The US dollar extended its recent losing streak to tank to a near two-year low on Wednesday as more cases of coronavirus got reported from different states, igniting fears of a second wave and dashing hopes of an economic recovery anytime soon. Also, growing tensions between the United States and China has been preventing the greenback's recovery.

The dollar has been absolutely destroyed over the past few months as the US Federal Reserve continues to print and inject trillions of dollars into the country's economy. The greenback could further take a beating given that the Fed is expected to take a further dovish stance in its policy review later in the day.

Dollar Continues to Get Battered

US Dollar
The weakness in the dollar comes from growing doubts of a slower-than-expected economic recovery following the coronavirus outbreak Pixabay

The dollar index (DXY), which measures the value of a basket of currencies of the majority of the US' most significant trading partners, went from trading around at $100 to $93.713, hitting its lowest level since June 2018 this week. And this has happened in the span of just two months.

Moreover, the dollar changed hands at 105.04 yen, after having hit a four-and-a-half-month low of 104.955 in the earlier session. Understandably, the weakness comes from growing doubts of a slower-than-expected economic recovery following the coronavirus outbreak. People, who earlier had believed that economic growth in the United States would be stronger than other developed economies, have now started casting doubt on the economy's strength.

Fed's Dovish Stance Killing Dollar

The Federal Reserve
The Federal Reserve and other major central banks are expected to continue injecting huge amounts of money into economies to boost liquidity, thus further taking down the dollar’s value YouTube Grab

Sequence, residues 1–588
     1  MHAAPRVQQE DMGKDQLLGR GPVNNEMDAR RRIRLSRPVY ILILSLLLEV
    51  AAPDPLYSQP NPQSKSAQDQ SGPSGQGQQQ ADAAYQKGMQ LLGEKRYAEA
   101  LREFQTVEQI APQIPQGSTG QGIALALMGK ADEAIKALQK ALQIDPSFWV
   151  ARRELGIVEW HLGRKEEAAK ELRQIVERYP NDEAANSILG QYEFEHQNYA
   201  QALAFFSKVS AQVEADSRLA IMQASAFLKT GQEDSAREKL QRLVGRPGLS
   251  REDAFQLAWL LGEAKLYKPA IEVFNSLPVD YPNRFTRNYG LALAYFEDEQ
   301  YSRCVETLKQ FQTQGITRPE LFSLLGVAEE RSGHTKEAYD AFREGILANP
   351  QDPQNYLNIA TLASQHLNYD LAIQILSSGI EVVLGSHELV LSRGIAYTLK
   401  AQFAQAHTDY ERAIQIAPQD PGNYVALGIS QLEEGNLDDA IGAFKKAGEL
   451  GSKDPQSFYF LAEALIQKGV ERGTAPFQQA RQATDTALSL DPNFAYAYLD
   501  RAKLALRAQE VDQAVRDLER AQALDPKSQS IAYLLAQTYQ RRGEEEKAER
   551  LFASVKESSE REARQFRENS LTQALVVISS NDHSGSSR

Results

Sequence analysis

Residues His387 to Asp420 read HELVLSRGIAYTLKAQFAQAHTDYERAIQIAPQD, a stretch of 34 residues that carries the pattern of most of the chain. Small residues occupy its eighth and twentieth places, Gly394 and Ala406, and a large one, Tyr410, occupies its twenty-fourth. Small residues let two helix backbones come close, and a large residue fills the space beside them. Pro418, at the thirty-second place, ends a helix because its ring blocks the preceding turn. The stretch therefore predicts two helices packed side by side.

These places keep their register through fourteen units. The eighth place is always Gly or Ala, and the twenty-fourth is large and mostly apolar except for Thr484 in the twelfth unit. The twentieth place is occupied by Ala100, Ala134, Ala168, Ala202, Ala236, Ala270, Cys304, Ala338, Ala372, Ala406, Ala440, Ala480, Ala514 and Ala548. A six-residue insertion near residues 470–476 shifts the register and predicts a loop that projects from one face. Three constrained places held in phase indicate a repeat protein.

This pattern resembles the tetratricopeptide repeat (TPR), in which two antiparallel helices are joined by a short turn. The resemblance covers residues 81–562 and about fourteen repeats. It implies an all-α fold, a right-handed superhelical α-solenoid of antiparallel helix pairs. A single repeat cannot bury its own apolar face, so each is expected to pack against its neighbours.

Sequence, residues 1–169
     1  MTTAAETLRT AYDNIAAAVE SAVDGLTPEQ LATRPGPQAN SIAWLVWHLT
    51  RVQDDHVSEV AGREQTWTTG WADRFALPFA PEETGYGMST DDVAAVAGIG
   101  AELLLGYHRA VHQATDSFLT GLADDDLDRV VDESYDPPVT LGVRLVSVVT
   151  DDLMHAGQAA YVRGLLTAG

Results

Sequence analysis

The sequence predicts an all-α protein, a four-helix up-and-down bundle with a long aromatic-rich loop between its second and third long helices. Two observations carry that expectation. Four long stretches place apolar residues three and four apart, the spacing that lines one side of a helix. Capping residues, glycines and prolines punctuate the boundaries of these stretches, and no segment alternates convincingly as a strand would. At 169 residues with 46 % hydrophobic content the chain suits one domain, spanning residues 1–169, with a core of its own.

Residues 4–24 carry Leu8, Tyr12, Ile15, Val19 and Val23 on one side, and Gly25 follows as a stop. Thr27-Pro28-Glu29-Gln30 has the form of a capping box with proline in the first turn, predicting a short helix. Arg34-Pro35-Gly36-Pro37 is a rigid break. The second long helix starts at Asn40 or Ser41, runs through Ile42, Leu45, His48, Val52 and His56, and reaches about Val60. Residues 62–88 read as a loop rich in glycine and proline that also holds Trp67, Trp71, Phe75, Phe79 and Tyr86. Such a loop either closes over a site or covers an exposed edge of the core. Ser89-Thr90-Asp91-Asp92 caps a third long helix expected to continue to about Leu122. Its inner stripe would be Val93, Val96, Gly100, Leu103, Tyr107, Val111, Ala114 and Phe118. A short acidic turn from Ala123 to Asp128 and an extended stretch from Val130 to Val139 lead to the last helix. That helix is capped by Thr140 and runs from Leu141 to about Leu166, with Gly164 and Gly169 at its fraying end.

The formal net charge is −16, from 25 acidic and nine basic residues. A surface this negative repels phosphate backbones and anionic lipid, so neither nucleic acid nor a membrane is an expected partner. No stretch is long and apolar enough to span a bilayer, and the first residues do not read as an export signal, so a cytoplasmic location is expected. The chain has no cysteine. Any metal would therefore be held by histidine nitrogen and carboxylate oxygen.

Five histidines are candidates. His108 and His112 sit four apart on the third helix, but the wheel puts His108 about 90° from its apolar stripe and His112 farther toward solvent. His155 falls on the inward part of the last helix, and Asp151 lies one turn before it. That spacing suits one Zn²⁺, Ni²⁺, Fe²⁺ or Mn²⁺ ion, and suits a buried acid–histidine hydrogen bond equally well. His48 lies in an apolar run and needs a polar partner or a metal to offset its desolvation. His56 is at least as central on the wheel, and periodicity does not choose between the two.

Given that coronavirus cases have been on the rise globally since countries started easing restrictions and lifting lockdown, investors are also expecting fresh rounds of stimulus to be announced by different central banks. As a result, the Federal Reserve and other major central banks are expected to continue injecting huge amounts of money into economies to boost liquidity, thus further taking down the dollar's value.

Goldman Sachs Warning

Goldman Sachs on Tuesday warned that the US dollar may lose its status as the world's reserve currency. Strategists at the American investment bank and financial services company noted that dollar faces several risks. Citing that the debt level in the U.S. has now exceeded 80 percent of the country's GDP, they anticipate the government and central bank may now allow inflation to accelerate which are raising "real concerns around the longevity of the U.S. dollar as a reserve currency."

Gold Getting a Boost

Gold
Dollar's declining value is making investors flock to safe-haven stocks like gold Pixabay

Another reason behind investors losing confidence in the dollar's strength is the escalating tensions between the United States and China. All these worries combined together are making investors flock to safe-haven stocks, thus giving a boost to the price of gold and silver. The gold price hit an all-time high on Monday and analysts believe that the rally is likely to continue into fall given that printing more dollar bills following the unveiling of a fresh round of stimulus will further pile on the unsecured money thus devaluing the dollar.

Gold's record-breaking rally even had Goldman Sachs revise its forecast to $2,300 an ounce over the next 12 months after the firm previously discarded its own forecast of $2,000. Anticipating a further decline in the greenback, some Republicans in the US Senate pushed back from their own party's $1 trillion fresh coronavirus stimulus proposal although Democrats are still calling for a bigger and extended relief package.